Hace Tiempo...Upon rereading some of these rambling pointless posts, I realized that things have gotten a little heavy. Volunteers don´t just sit around on the government´s dime and bitch about the situation in the States...although we do do that quite a bit. So although it may seem as though all I am doing is solidifying my dissatisfaction with the American way of life, no es asi. Let´s return to the tranquilidad. I now have two dogs. The first, Chula, was given to me by a socio, he said because I needed protection (and he gave me a tiny, underfed female dog) but really because she had been eating his eggs. I don{t have pictures of either, but Chula looks like a liver springer spaniel mixed with a greyhound. When she arrived she snuck into my room while I was sleeping and stole and ate a kilo of uncooked rice, a kilo of mandioca flour, and half a kilo of grated coconut. I fattened her up and the first thing she did was go into heat ha imembyta, shes going to have puppies. The second was a dog that showed up in the abandoned lot next to my coop. I finally lured her in and she decided to stay. She pretty much is Rusty the Narcoleptic Dog. She is a tiny brown weinerish dog that is a tough little bitch. She got hit by a car while walking back from the store with me and limped for about a minute before walking it off. I also now have a garden I built with a friend. We planted one row for our consumption of garlic, scallion, cilantro, parsley, hot and sweet peppers, carrots, lettuce, and oregano, and 4 rows for lettuce to sell and 125 tomato plants. I am building a house. The house will overlook what I have deemed the most lindo vista in Tavapy. It will be two meters off the ground to facilitate sunrise/sunset viewings and also so I can pick mandarin oranges through my window. The first floor will serve as a sheep and lamb stable. I{m going to plant a lettuce garden for myself and also a yuyo garden for my terere needs. as for my work, we´ve processed about 80,000 kilos of hoja verde leaving us with 22,000 kilos of mborovire that left the lab as ¨primera calidad¨ and we{re about to sell to one of the leading yerba outfits in the country (while being sure to leave a few thousand kilos to sell with our own label, a year down the road). Fortunately what this means is that we will have capital at the end of the harvest. Peace Corps volunteers don´t tell their counterparts what to do, we can only influence. But it looks like preference is leaning towards concentrating on corn. Fortunately, this will leave us in a great position to install capacity for 300 chickens, por alli, and however many dozen heads of hogs. When we have ganancia after the corn, it is more than feasible for us, the cooperative, to buy an oil press to provide for the towns cooking oil needs as well as the protein supplement for animal feed from the oil cake. Additionally we may launch a mandio starch project that removes the starch component of the mandio root (the almidon) and leaves a solid (typyraty) that can also be used as animal feed and the skin which can be used for organic compost. Basically, what I want for the cooperative, and what I hope that the socios will come to want, is to be the patron of the community. The patron in paraguay dictates all. But never in a benevolent manner. The patron tells you what price you will receive for your cotton. The cooperative can act as a non profit motivated intermeediary and also as supplier and creditor. Vamos a ver, but I only have hope for this town and its people. They are in a position to greatly improve things and provide reasons to stay in the campo to their children. Eventually, the idea of my sector, I believe, is to provide enough flows of value through the various projects to have enough for a manager to skim enough to make a living, after the 6 years of free volunteer service in that position. I think we are on our way. We recently attracted 4 local ag engineers to join the coop, which made me particularly happy, because they are all in their 20´s and are the future of the coop. Bueno. I{m going to try and get some pictures up, and should have my camera again in the next few weeks.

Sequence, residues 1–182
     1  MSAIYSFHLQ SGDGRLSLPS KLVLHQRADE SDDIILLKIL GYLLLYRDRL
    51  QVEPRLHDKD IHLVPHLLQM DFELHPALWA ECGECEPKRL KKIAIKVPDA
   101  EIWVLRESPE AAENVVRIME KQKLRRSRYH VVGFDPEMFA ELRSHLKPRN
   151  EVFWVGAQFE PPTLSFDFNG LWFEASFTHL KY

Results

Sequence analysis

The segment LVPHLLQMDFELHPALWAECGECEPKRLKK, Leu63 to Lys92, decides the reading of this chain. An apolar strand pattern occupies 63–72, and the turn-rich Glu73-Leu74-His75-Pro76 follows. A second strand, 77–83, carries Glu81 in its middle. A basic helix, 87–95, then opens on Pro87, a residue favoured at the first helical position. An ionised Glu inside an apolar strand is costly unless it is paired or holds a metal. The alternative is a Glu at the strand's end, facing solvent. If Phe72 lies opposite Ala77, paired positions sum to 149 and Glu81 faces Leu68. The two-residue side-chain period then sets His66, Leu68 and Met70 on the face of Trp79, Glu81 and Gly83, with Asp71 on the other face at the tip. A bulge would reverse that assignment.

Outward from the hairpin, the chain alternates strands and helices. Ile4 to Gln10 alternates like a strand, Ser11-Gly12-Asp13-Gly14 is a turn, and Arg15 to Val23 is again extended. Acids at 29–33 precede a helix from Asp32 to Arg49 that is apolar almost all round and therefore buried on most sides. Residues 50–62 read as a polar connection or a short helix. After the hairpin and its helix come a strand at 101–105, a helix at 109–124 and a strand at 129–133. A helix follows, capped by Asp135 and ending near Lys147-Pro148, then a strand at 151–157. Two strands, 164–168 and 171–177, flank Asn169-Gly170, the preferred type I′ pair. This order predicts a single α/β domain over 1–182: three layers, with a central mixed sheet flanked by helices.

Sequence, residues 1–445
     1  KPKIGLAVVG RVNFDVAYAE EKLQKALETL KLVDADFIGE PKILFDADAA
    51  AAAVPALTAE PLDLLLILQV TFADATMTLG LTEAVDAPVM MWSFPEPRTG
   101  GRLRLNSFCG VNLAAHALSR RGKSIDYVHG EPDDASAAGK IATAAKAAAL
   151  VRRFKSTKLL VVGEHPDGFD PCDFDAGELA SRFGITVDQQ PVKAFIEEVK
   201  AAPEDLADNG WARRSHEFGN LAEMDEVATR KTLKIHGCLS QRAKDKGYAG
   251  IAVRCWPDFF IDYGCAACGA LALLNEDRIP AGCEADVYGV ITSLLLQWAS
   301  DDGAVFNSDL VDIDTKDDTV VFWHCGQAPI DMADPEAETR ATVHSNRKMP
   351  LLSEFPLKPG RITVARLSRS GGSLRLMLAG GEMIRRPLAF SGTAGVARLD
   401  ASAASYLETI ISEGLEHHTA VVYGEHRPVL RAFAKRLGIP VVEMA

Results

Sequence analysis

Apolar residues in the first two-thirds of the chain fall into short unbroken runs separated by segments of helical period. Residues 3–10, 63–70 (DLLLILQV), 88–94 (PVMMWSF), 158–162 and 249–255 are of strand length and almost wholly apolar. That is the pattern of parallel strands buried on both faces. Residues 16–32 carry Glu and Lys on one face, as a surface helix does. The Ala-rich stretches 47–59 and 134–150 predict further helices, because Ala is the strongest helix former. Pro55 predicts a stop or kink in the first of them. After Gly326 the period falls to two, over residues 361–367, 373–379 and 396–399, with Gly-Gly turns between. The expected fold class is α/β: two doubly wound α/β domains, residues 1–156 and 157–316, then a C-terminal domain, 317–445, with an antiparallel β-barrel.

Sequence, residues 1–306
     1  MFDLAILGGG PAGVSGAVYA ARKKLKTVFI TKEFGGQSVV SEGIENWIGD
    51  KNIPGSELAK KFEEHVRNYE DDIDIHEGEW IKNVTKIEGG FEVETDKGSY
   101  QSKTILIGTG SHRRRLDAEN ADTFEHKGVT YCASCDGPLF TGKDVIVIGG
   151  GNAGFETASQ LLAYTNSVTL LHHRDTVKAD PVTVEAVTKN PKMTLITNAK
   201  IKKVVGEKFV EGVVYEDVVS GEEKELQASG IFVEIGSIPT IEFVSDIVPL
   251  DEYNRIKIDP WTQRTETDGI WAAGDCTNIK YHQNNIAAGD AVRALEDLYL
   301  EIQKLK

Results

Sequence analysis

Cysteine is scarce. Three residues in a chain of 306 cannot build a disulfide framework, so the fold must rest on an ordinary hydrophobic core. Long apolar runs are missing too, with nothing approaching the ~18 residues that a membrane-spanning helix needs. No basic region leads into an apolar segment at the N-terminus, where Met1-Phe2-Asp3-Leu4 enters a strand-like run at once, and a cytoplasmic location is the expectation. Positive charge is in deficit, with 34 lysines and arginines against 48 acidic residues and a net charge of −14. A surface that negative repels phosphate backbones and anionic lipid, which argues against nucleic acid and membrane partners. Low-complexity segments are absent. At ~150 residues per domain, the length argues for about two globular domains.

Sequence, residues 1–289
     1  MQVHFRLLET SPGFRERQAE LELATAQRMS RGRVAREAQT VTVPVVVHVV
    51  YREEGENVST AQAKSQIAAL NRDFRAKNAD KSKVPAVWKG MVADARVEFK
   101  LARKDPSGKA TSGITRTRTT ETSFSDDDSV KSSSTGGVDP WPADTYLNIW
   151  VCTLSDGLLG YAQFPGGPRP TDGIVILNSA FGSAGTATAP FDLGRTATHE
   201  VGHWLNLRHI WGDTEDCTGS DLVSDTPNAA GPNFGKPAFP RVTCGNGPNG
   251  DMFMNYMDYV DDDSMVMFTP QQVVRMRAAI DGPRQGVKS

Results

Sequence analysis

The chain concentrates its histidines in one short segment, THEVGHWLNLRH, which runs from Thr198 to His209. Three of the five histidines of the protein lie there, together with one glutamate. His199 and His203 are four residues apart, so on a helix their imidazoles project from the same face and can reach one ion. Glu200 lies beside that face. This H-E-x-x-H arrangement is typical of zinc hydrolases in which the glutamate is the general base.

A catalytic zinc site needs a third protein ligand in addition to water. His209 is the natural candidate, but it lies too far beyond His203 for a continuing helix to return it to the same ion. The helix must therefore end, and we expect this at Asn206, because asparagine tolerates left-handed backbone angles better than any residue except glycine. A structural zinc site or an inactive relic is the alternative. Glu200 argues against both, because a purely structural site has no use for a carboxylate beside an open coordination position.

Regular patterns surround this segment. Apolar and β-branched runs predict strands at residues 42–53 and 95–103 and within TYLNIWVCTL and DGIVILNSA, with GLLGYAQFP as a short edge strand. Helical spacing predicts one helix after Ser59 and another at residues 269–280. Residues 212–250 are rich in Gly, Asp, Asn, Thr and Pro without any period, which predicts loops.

Thursday, June 19, 2008


May 20th

This is Ever, my best Friend Antonio ¨Cat¨ Vargas´s son. Antonio is going through a painful separation with his wife (I only divulge this because I have a hunch he won´t be reading this) and we were talking about it, and he just goes ¨Andres, I don´t care what happens for me, I just want a copy of the picture you have of Ever¨

Alcides. My Presidente´s first grandchild. I stayed at their house for my first month or so in site. Alcides´s favorite things were me throwing him into the air and catching him, throwing oranges as high as I can (ijyvateite!), and juking his pants off in tag-you´re-it.

The opening procession of the May 20th Independence of The Dos. The mitacuña´i is Rosy, my friend Alfredo´s daughter and his son Gustavo is carrying the stripes.

That´s Rosy